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Civil society should step in to monitor budget and governance

New Delhi: In times when transparency and accountability in governance gain increasing significance as tools to fill in the gaps of democratic deficiencies, a robust network of civil society and budget experts convened in Delhi to discuss theses aspects of deepening governance. The coalition, People’s Budget Initiative, (PBI), with a membership of diverse organisations working across different sectors in the country is organizing the national convention on pressing issues deserving a closer scrutiny and a larger public debate.

A two-day national convention on “Civil Society Budget Work and Governance Accountability in India: Continuity and Change” which aims to coordinate inputs of all those gathered at the meeting for improved budget and governance accountability began here on Tuesday at YMCA auditorium.

Noted activist Anjali Bhardwaj and the newly appointed Co-convener of PBI said that civil society should step up its responsibility to monitor and use whatever accountability and transparency tools are available.

“We as citizens need to ensure proper implementation of Clause 4 of the RTI Act which is about pro-active disclosure of information in the public domain, and is the least implemented section of the law even after twelve years of the legislation. There is an equally strong need for a grievance redressal law, referred as RTI 2 by some, so that the supervisory structures in the system can be held accountable. The Bill introduced in 2011 and widely debated for bringing in time bound grievance redressal needs to be passed by the Parliament. A host of other accountability legislations exist, but need to be implemented”, Anjali said.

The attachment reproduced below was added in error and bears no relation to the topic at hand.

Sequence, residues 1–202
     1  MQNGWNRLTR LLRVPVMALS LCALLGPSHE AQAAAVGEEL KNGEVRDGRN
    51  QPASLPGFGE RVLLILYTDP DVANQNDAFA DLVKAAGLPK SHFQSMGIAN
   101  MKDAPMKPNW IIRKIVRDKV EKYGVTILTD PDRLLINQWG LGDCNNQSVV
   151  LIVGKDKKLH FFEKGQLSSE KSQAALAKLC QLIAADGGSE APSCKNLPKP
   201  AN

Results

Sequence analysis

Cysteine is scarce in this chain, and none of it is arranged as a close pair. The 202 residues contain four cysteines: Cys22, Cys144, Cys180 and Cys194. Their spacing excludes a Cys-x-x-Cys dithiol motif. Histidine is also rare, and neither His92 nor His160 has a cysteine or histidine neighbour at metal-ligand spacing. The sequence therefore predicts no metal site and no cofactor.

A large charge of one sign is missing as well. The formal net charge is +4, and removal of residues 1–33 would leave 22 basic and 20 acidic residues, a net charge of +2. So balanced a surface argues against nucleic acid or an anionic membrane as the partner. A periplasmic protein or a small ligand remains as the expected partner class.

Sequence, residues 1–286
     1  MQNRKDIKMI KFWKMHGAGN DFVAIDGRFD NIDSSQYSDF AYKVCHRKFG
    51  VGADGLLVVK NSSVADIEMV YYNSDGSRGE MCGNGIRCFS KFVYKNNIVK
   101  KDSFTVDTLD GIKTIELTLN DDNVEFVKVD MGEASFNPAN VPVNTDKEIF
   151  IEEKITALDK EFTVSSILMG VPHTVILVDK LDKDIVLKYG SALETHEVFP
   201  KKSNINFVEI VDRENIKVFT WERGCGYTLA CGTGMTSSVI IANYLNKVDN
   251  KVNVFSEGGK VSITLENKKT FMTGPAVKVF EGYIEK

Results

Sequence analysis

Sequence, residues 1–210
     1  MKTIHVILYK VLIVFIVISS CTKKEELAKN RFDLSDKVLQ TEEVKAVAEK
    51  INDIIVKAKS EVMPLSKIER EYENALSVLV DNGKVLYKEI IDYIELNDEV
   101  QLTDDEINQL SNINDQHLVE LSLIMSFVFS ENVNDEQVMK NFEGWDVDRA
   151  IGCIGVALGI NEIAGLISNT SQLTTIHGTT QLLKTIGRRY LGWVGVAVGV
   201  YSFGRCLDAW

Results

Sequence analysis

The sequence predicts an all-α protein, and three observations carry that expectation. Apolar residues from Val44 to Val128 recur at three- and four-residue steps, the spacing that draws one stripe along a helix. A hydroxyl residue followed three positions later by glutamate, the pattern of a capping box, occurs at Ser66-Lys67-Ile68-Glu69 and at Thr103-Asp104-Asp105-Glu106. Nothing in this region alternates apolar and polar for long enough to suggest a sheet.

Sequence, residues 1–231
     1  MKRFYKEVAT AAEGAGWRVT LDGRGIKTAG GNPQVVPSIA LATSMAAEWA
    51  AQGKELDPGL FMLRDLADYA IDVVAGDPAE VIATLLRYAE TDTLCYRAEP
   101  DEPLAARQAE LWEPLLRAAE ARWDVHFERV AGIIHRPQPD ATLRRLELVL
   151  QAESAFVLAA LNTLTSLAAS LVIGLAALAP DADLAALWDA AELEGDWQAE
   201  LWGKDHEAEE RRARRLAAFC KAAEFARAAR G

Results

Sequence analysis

She shared that accountability of private sector is also becoming important now. With a focus on e-governance, it is needed that information around people’s concerns and issues should be available in forms accessible to them.

Warren Krafchik, who heads International Budget Partnership, shared that budgets are a powerful way to link citizens with democracy and governance, and governments can engage citizens in these processes through open budgets. Southern countries have emerged as leaders in budget transparency norms shifting the global discourse on budget work. Open data is often conflated and confused with the idea of open government. There are success stories on how growing citizens’ involvement increases allocations, equity in budget, and effective spending of public money.

Subrat Das, the head of Centre for Budget and Governance Accountability, (CBGA), and Co- convener of PBI shared that budget transparency still remains an unfinished agenda. Budget transparency at the grassroots level which provides locally relevant budget data about facility level services in a format that is easy to understand, and in a timely manner is yet to become a reality. This kind of information will help people connect with budget issues.

Apart from the inaugural session three other sessions were conducted during the course of the day wherein representatives of NGOs from all over India participated.

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